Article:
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Religion and Courts?

Discussion in 'Serious' started by Weekly_Estimate, 1 May 2016.

  1. Weekly_Estimate

    Weekly_Estimate Gives credit where its due

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    I thought Religion and Courts were a separate thing? Seem's odd having to "Swear" on the bible when personally you feel it's a load of crap. Like swearing on the bible to me is the equivalent of swearing on a banana??
     
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  2. Flibblebot

    Flibblebot Smile with me

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    In the UK, if you don't swear on the Bible (or the Qur'an or the Torah or whatever your holy book happens to be), you can choose to "affirm" instead, where you "solemnly, sincerely and truly declare and affirm..." rather than swear.
     
  3. theshadow2001

    theshadow2001 [DELETE] means [DELETE]

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    I would swear on whatever they want. It's not like it makes a difference to what someone is going to say. Asking a liar to promise they wont lie seems moronic at best. The real issue is not offending your favourite mythical creature, its the consequences of being found to have lied.
     
    Last edited: 2 May 2016
  4. Flibblebot

    Flibblebot Smile with me

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    The idea is that since you swear or affirm to tell the truth, then you can be held in contempt or tried for perjury if it's later found out that you didn't.
     
  5. theshadow2001

    theshadow2001 [DELETE] means [DELETE]

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    That at least is a little bit more reasonable but it seems weird to make you swear you are telling the truth in order to convict you of perjury. Why not just make giving false testimony in court, under the circumstances you normally have to swear in, a crime/offence/whatever the appropriate legal phrase is? Making people aware of the real consequences of giving false testimony prior to doing so would seem to me, to be more reasonable than performing a holy book pantomime. Maybe they do that as well, I haven't been to court thankfully.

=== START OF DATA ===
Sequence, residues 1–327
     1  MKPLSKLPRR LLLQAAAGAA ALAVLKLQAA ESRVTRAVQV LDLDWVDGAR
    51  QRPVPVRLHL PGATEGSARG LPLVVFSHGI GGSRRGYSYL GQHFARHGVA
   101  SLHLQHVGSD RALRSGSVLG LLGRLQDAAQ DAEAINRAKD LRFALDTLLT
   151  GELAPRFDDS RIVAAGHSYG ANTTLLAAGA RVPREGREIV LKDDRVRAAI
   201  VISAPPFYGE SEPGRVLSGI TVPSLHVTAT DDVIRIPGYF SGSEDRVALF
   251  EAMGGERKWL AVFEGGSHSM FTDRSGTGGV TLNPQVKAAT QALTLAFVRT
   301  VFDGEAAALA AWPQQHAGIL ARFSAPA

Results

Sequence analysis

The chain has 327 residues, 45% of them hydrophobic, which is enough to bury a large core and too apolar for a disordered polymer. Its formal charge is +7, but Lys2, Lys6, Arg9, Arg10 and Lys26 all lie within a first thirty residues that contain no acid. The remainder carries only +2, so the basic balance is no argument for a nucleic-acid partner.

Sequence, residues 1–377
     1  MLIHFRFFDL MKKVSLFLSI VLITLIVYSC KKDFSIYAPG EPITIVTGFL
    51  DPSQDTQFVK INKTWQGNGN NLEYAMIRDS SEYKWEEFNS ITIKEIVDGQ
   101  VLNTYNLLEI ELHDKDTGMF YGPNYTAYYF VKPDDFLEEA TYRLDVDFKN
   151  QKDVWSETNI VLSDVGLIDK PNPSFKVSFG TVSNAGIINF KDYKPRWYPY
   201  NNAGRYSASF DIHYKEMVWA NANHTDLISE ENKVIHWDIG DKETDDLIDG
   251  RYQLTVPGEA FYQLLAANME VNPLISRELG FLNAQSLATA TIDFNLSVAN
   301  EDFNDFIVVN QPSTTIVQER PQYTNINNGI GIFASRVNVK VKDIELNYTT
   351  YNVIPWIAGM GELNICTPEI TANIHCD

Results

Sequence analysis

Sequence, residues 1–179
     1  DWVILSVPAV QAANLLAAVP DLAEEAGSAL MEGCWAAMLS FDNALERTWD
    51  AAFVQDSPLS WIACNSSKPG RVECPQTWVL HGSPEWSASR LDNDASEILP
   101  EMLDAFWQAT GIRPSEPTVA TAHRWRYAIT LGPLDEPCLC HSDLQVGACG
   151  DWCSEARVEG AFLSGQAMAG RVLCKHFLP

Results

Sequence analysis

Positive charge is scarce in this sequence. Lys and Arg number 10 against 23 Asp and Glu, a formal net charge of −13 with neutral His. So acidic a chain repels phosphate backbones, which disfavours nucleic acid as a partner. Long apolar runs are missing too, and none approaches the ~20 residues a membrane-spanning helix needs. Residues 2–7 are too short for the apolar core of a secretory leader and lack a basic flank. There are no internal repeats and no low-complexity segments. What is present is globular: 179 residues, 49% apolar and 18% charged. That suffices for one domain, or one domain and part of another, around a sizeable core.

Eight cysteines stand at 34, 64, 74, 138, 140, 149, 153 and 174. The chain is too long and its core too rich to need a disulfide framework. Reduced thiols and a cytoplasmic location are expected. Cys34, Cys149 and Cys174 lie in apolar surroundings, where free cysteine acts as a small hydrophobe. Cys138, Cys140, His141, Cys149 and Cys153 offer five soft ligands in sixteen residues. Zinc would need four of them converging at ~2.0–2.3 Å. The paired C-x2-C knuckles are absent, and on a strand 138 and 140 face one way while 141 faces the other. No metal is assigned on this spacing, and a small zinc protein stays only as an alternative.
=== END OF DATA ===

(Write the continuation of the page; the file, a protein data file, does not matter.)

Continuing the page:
6. Flibblebot

    Flibblebot Smile with me

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    But you don't have to swear on a magic book - if you're an atheist or if your chosen religion doesn't have a magic book, then you "affirm" rather than "swear". These days, you're given a choice.

    In some parts of 'Merica, I think they do add something like "under pains and penalties of perjury" to the end of the statement.
     
  7. theshadow2001

    theshadow2001 [DELETE] means [DELETE]

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    Yeah that's true but what I'm saying is to swap the silly swearing on whatever ritual, be it religious or non-religious for just telling them that if they're found to be purposefully lying they'll be punished and get on with it. My perception of court is that it has lots of archaic ritual and outfits that would be considered bizarre in any other professional setting. Which is all a bit out of touch with reality. Sort of like going to the GP to find someone dressed up like a witch doctor. But as I've said I've never been, so I could be way off.
     
  8. Krazeh

    Krazeh Well-Known Member

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    Pretty sure the law doesn't require you to have sworn or affirmed to tell the truth before you can be charged or find guilty of perjury.
     
  9. Fishlock

    Fishlock .o0o.

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    Perjury is the very act of lying whilst under oath, during some kind of judicial proceeding. If you haven't sworn or affirmed then you can't be committing perjury.

    Perverting is different, which is what you might be thinking of. You can 'pervert the course of justice' for anything as simple as giving false details when being given a ticket. Yet it is still considered a serious offence.